The Dukes County commissioners interviewed the three finalists for the job of county manager on Saturday. An informal rating conducted by the commissioners at the conclusion of the interviews gave a slight edge to Russell Smith of Tisbury, the one Islander among the three.
Interviewed were Troy Clarkson of Falmouth, a former Falmouth selectman; Tom Bernardo of Chatham, a former Barnstable county official; and Mr. Smith, a civil engineer and Vineyard legislative liaison for state Rep. Erik Turkington.
The interviews and meeting, held in the county administration building, began at 9 am and did not conclude until 1:30 pm. A meeting is scheduled on Tuesday, when the commissioners intend to vote to hire a new county manager.
Lenny Jason of Chilmark was the only one of the seven county commissioners who did not attend the interviews. Mr. Jason objected to the commissioners' decision to reject the recommendation of their appointed search committee who urged the county to re-advertise the position, because none of the 12 candidates who applied for the manager's job met the advertised criteria.
The commissioners allotted each candidate approximately one hour. They asked each a series of pre-scripted questions.
Mr. Smith of Tisbury, a private consultant and former Aquinnah selectman, was the candidate most familiar to his inquisitors. He presented the commission with a written list of engineering projects he has managed or participated in, including an Island-wide oil spill response plan, design of local trash transfer stations, and various water and sewer projects.
Mr. Smith promoted his ability to build consensus and his familiarity with Island politics. "When you have two friends of yours walk through the door you've known all your life, and they're on opposite sides of the issue, you know one of them is going to leave unhappy," said Mr. Smith. "You learn not to take it personally, but you have to be able to point out that your decisions were for the betterment of the majority."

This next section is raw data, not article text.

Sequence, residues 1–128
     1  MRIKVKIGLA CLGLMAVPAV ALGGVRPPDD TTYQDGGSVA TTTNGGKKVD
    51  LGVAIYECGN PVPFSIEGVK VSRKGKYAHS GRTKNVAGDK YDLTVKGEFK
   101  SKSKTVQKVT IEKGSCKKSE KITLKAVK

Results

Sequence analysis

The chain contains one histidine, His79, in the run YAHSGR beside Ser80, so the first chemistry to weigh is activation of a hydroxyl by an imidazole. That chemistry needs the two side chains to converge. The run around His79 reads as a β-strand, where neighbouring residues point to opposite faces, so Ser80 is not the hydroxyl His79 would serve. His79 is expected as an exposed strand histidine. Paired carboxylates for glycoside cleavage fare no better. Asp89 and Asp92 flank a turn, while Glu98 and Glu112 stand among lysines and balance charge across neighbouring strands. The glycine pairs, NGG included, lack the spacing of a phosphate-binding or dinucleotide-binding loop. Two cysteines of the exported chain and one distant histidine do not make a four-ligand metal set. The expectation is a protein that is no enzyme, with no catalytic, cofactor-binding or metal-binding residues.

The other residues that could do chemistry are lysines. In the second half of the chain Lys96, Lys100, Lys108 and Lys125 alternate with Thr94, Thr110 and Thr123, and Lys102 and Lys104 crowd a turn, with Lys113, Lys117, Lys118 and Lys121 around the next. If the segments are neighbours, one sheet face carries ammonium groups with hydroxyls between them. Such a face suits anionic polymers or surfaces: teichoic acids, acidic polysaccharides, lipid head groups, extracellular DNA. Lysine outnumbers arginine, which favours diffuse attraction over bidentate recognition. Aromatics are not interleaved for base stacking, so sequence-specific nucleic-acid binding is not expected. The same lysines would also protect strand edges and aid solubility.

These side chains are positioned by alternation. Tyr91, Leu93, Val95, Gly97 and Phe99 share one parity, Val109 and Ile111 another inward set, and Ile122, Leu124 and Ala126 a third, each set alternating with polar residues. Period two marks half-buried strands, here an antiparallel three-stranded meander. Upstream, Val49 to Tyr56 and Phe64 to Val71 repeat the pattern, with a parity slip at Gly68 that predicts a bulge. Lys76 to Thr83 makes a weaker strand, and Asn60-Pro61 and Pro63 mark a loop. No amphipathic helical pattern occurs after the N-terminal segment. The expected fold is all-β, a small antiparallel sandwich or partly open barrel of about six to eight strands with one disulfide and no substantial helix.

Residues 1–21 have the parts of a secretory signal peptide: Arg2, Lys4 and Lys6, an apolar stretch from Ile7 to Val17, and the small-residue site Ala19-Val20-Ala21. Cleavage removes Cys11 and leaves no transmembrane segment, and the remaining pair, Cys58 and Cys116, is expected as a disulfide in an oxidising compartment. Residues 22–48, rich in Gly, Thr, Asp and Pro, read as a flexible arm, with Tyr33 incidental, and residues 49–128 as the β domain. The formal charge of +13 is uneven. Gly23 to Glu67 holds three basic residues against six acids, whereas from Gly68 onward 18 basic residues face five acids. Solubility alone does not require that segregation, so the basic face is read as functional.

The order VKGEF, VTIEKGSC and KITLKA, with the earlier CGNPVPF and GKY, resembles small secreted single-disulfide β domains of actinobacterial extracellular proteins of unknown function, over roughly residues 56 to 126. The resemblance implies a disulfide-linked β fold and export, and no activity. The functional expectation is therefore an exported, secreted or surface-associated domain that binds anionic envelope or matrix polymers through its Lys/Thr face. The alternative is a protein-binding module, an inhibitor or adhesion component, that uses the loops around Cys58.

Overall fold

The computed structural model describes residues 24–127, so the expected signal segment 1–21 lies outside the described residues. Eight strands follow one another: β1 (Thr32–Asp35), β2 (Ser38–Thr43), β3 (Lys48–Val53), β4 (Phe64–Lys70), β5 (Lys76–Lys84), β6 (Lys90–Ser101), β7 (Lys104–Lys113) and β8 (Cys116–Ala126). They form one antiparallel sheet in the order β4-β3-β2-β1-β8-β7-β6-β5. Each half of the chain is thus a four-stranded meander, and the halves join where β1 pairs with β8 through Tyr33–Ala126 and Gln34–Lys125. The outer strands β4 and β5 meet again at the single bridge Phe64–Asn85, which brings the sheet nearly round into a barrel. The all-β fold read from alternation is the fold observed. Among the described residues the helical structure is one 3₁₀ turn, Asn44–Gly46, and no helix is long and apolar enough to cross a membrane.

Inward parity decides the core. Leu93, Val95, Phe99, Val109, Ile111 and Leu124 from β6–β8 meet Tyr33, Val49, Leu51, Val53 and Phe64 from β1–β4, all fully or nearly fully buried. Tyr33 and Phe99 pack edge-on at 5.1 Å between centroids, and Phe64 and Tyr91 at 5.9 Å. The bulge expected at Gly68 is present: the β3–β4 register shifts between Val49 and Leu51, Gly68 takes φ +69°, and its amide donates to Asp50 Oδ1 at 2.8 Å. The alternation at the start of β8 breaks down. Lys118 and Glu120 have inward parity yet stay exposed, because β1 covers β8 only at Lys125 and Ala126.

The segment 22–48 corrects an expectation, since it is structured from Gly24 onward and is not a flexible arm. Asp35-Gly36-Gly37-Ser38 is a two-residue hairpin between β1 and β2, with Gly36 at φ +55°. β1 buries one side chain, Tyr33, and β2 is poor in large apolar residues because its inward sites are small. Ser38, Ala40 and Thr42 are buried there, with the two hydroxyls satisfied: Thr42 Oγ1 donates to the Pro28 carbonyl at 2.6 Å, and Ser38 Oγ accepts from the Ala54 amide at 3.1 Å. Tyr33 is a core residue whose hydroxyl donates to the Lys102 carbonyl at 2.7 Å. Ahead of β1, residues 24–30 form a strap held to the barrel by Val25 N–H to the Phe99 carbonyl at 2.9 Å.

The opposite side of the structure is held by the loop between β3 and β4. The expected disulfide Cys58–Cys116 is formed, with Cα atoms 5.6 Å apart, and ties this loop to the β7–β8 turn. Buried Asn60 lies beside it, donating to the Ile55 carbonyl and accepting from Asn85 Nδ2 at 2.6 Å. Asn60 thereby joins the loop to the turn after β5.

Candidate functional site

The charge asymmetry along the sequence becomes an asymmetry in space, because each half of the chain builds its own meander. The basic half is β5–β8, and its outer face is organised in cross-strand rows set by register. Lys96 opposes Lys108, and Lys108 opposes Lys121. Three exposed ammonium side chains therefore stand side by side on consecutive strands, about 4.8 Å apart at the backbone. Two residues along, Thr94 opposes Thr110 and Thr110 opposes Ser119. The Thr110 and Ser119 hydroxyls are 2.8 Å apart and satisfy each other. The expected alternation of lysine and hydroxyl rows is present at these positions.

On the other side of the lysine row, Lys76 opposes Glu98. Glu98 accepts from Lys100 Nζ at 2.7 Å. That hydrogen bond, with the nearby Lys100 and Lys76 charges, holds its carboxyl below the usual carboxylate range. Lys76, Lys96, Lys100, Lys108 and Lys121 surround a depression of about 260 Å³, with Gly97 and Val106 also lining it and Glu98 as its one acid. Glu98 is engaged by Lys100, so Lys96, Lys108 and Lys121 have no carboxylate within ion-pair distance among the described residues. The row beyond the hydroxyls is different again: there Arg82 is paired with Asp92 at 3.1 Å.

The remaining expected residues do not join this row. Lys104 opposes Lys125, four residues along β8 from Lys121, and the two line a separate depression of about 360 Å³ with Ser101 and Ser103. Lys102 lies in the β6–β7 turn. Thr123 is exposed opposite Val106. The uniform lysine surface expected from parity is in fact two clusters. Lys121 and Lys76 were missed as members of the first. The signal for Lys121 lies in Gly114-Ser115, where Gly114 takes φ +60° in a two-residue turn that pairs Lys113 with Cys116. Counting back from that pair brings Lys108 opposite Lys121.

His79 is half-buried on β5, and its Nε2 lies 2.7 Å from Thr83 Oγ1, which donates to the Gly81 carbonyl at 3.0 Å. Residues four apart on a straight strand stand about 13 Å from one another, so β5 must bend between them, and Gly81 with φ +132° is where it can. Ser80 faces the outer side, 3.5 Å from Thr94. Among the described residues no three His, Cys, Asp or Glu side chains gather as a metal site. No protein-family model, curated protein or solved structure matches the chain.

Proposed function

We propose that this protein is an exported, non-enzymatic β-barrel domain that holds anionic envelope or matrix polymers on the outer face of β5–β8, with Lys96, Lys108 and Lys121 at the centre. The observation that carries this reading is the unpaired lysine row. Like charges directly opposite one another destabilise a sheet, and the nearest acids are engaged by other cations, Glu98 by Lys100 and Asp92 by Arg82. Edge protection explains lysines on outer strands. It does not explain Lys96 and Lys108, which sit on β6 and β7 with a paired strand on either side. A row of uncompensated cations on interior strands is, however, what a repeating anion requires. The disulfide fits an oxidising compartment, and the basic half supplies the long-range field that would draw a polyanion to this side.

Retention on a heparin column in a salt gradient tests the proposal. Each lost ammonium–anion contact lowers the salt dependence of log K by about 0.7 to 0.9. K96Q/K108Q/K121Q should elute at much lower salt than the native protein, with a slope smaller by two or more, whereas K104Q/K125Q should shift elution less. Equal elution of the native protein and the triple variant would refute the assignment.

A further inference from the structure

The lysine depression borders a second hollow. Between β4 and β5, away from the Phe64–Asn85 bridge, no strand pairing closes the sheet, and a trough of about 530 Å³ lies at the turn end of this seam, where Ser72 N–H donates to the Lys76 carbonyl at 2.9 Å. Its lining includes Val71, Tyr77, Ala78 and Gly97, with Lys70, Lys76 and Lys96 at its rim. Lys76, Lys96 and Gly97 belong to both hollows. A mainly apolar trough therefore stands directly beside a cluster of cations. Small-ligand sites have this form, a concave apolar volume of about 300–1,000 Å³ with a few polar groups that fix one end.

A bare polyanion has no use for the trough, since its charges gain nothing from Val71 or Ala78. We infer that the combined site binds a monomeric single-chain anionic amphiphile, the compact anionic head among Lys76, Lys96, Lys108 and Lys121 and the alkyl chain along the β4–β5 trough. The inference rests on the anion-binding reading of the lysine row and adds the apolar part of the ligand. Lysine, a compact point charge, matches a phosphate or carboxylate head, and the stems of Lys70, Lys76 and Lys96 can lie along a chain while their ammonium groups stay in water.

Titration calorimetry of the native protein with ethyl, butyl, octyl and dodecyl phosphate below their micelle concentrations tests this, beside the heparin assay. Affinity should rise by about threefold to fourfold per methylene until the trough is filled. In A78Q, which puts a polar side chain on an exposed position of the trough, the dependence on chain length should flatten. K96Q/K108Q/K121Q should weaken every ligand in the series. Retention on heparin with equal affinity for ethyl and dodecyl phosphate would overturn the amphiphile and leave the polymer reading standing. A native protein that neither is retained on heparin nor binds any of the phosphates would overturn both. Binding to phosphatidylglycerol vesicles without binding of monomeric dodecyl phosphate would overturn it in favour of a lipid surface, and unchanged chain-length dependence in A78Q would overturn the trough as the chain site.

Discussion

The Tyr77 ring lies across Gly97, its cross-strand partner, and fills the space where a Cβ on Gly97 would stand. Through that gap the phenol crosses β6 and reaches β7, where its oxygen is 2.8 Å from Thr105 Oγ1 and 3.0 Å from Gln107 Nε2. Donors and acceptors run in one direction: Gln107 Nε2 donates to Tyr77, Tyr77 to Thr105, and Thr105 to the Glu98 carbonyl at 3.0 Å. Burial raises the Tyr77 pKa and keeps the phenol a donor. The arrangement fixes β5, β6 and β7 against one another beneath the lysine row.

Like all of the candidates, Mr. Smith was acutely aware that the county government is at a crossroads. A specially created county charter study commission is conducting a far-ranging examination of county government. They could recommend substantial change in county governance, including the elimination of the county manager's position.
"The goal is the challenge," said Mr. Smith. "The goal is to stabilize the county's political situation. The way to accomplish that is to steady the course. The county does not get enough credit for the things that it does."
Mr. Clarkson, a former assistant to the mayor of Attleboro, generally endorsed the commission's exploration of new sources of revenue, and specifically mentioned several ideas, including leasing county property to telecommunications companies for cell phone antenna towers, and regional animal control services.
"One of the other things you've considered, and I see as a real opportunity, is looking at regionalization of waste disposal," said Mr. Clarkson, who touted his former experience as director of business services for the town of Bourne.
"Waste disposal is, and is going to be, the new utility," he said. "In the town of Bourne we were able to generate a pretty amazing amount of revenue, both through solid waste disposal, and also recycling. We actually took recyclable materials from many communities around the Commonwealth and were able to resell them. I see some real potential opportunities on the Island."
By charter, the county manager is required to be a resident of Dukes County. The previous county manager, Winn Davis, was not a Vineyard resident, but he got a waiver. Both of the off-Island candidates hedged a bit on the residency requirement.
Mr. Clarkson said he was aware of the residency requirement, but indicated he would like to negotiate the terms of the requirement if offered the position. "Regardless of whether I lived here on the first day, or the 60th day, or the 365th day, in any position I've had, I've immersed myself in that community completely," said Mr. Clarkson. "You can't be an effective municipal manager if you're not engaged in the community."
Mr. Bernardo, who began his professional career as a dancer and actor, promoted his experience in Barnstable County government as an elected representative to the Barnstable County Assembly of Delegates, and as speaker of that assembly. He has also been a Chatham selectman, including a term as chairman of that board.